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2 votes

Is it correct to refer to Canadian geese?

Some people (including journalists at the BBC) may refer to a Canada goose as a "Canadian goose" for the same reason that they might refer to a spectacled eider as a "speckled eider&...
Sven Yargs's user avatar
  • 165k
0 votes

What preposition is the proper one to follow the noun “hatred”?

What is the proper preposition to follow the noun hatred? There is no "proper" preposition. The preposition should be semantically and contextually appropriate. The number of occurrences of ...
Greybeard's user avatar
  • 43.3k
3 votes

Is Swirling a noun?

If you can use the definite or indefinite articles with it, it's a noun. It refers to the flattening of all pretty people features into a single, cyborgian look -- a swirling of Hollywood archetypes, ...
DW256's user avatar
  • 9,517
-1 votes

What is the difference between "palazzo" and "palace"?

A palazzo can be a literal palace, also the term "palazzo" is also applied to some traditional apartment buildings in Italy, as well as opulent public entertainment buildings. It's like how ...
Aristocratic Jack's user avatar
-1 votes

"Floors" for a house

In general, the individual "layers" in a building are called "floors", " floor levels " or "storeys\storys" no matter what type of building it is. Though what's ...
Aristocratic Jack's user avatar
-1 votes

What exactly is a "building" in Britain?

The technical term for the building in the photo above is a "tenement", which is simply a type of apartment block where the individual units on each floor share the common stairwell that ...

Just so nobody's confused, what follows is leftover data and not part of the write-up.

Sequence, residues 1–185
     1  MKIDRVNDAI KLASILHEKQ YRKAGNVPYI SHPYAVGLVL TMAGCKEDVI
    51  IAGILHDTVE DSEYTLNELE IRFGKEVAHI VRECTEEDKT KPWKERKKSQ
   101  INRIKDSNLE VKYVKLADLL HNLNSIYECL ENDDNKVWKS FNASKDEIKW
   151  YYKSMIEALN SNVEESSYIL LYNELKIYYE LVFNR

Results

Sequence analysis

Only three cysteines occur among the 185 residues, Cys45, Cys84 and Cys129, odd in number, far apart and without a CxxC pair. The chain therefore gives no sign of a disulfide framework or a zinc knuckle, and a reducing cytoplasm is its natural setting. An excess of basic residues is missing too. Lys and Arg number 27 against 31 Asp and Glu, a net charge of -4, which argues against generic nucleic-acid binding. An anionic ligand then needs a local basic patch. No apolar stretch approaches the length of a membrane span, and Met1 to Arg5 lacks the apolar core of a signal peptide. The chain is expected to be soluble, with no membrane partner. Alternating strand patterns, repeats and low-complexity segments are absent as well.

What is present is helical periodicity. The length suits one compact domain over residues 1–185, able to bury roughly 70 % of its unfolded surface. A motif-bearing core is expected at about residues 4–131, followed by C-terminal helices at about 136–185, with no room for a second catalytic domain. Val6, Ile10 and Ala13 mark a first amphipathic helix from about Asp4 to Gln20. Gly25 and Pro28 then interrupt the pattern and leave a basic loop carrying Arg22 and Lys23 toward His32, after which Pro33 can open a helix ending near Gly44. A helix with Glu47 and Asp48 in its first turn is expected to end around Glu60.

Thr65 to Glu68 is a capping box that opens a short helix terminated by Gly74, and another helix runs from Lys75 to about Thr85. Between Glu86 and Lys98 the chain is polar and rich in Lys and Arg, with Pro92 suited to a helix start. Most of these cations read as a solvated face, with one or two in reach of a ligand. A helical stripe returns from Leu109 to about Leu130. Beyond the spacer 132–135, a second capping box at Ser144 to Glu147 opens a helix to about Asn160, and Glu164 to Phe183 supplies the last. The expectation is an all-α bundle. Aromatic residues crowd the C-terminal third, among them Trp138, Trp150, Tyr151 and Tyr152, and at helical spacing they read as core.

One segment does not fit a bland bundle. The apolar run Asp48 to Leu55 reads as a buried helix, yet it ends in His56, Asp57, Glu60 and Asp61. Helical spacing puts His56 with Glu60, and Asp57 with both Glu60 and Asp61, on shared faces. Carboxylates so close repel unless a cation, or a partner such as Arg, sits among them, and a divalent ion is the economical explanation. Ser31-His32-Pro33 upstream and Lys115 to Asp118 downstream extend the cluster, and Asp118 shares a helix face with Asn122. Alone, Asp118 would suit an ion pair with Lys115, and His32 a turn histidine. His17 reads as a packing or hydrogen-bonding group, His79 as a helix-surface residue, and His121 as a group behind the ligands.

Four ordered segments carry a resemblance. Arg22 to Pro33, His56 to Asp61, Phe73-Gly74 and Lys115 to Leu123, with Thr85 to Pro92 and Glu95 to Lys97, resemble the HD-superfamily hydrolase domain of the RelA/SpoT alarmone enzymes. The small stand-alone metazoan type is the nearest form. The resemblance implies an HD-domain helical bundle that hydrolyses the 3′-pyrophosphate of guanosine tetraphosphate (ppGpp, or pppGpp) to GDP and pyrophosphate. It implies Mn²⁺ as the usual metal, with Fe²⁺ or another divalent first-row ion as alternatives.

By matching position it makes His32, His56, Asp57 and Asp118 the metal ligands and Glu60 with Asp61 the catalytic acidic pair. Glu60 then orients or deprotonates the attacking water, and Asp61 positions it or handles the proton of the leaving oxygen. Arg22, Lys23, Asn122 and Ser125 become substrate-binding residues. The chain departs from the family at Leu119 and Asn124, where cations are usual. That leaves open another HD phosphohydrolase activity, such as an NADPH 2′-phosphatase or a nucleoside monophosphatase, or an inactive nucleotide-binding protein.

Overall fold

Aristocratic Jack's user avatar
-1 votes

Sink vs Basin distinction

To add to the points already made, in my experince, a kitchen sink may have one or two bowls, but a bowl is a singular item. The other point would be, that in rare cases a bowl might not have a ...
MikeB's user avatar
  • 275
9 votes

Sink vs Basin distinction

Basin probably arises from baccīnus, ‑um, and to be a derivative of bacca ‘vas aquārium’ - a water vessel. The word dates back to the 13th century. (from OED) The OED gives Basin I.1.a. A circular ...
Greybeard's user avatar
  • 43.3k
11 votes

Sink vs Basin distinction

With regards to common, as opposed to regulatory, usage, I think most Americans just call then all sinks. Certainly, the item labeled a "hand basin" above is something I would call a ...
Mark Foskey's user avatar
  • 2,079
18 votes

Sink vs Basin distinction

2.5-2.3.2.1 Basin Design Sinks used for hand-washing shall be designed with basins that reduce splashing. The nominal open area of the basin shall not be smaller than 144 square inches (929.03 square ...
Phil Sweet's user avatar
2 votes
Accepted

Using "content" vs. "contents" when referring to multiple written works

The first sense of content in Wiktionary is: (uncountable) That which is contained. Coordinate term: contents So contents isn't really the plural of content in this sense. After all, if you speak ...
phoog's user avatar
  • 6,145
0 votes

Using "content" vs. "contents" when referring to multiple written works

In a comment Yosef Baskin wrote: The rule is rewrite anything you created that's confusing. "The content in Chapter 1 is difficult, but easy in Chapter 2 and Chapter 3." You are not ...

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